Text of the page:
“The golden rule is that you never approach someone directly,” said the invigilator. “You always have to confirm with another invigilator who goes up the chain of command and Alan Hunter will arrive over and intimidate [the student in question] into admitting to what you’ve been doing.”

The invigilator explained that when instances of cheating do occur, the invigilators have little say in the student’s fate. He refers to a specific case in which this happened.

“There was one person who actually cheated by simply writing everything in formulas on his arm and pulled up his sleeve to read it during the exam which was about as blatant as you could get,” explained the invigilator. “He was lucky because what happened was you can’t approach him by yourself, you have to make sure with another invigilator, get your section head and then go to Dr Hunter who has responsibility.

“Basically everything is eventually Alan Hunter’s call. So by the time Alan Hunter had arrived, the guy had seen what was up and had legged it to the toilets and had scrubbed off nearly all the evidence. So he came back and rolled up his sleeve, and there’s nothing there. There was no doubt that he was up to something and his seat number was recorded, so it’s up to Alan Hunter what he does about that.”

When asked if the student in question was punished for cheating, the invigilator replied: “Well I don’t know, we wouldn’t hear because it would be something that would be done after the exam.”

Overall, the invigilator felt that the new protocol introduced has reduced the chances of success for those who cheat, saying: “I think that was the one big thing that no invigilator could simply catch and now that’s kind of cut out the one loophole.”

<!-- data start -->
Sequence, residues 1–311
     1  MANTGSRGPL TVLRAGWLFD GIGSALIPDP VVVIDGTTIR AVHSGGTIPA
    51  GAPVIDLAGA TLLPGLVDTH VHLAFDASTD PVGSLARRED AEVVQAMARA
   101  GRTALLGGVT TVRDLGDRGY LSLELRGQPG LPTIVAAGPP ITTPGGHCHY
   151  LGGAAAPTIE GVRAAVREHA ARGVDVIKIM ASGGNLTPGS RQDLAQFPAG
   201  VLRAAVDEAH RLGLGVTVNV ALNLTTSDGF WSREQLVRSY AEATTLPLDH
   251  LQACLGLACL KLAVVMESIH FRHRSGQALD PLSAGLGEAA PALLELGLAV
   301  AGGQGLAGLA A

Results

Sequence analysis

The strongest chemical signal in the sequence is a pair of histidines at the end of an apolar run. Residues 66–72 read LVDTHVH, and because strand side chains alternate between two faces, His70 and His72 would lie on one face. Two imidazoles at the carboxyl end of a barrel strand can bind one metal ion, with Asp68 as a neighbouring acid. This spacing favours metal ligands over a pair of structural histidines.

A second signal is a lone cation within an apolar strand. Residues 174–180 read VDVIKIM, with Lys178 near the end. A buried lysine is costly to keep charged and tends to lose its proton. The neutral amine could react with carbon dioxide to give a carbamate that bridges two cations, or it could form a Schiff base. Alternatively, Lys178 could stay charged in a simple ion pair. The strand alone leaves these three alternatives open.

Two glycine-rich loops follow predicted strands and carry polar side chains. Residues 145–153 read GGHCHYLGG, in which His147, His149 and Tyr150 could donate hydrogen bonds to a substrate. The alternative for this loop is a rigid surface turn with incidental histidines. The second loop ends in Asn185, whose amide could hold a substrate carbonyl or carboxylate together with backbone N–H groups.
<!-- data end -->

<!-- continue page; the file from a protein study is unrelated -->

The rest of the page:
Student who paid to cheat exam

When asked about how he felt about paying someone to cheat in his exam, the student felt regret over his actions saying that it was “a bit stupid to do it” and that he regretted the “unnecessary risks” taken in cheating.

But despite the regret felt, the student didn’t feel it had much of an effect in the greater scheme of things, saying: “When your degree counts toward 24 modules, it doesn’t make a huge difference [to your overall GPA].”

The student, who has since left UCD, spoke of how nervous he was about getting caught the first time he enlisted a student to cheat for him. “Obviously the first time I was very apprehensive. I was trying to secure a good grade and you weigh up the pros and cons and try to figure out the likelihood of ever getting caught [but] on a practical level, it’s a very difficult thing.”

He referred to the new protocol introduced by the university to curb cheating as a step in the right direction and acknowledged that “UCD do make a conscious effort to prevent it…[and to be honest] the best deterrent is the risk.”

While he felt that the university has done well in tackling the problem, he believed it wasn’t a UCD-specific problem: “It happens in universities all around the world and it’s not a UCD problem, it’s a third-level problem.”

He claimed that such problems has “plagued education since the beginning of time” through plagiarism and the growing advent of essays written and bought online.

To date, the student has yet to be contacted by the university about his exams. While referring to the situation as a “foolish mistake”, the student felt that “in the general scheme of things, there’s very little they (the university) can do [to prove he cheated].”

—-

Voxpops: Cheating

If you could get someone to sit your exam for you and get away with it, would you?

Yes, because I would enjoy a nice high grade. Jonathan Briody - 2nd year Arts (left)

No, I wouldn’t, I don’t think cheating is right. I’d rather do it myself and see how I would do. Teresa Bradley - Actuarial and Financial Studies
No, because I wouldn’t get away with it, I’d feel too guilty and I’d like to sit my own exam. Anna McDermott - 1st year Arts
, you didn’t deserve to do well. I want to do well by myself. Francis McNamara – 2nd year Law”], you didn’t deserve to do well. I want to do well by myself. Francis McNamara – 2nd year Law”]
Advertisements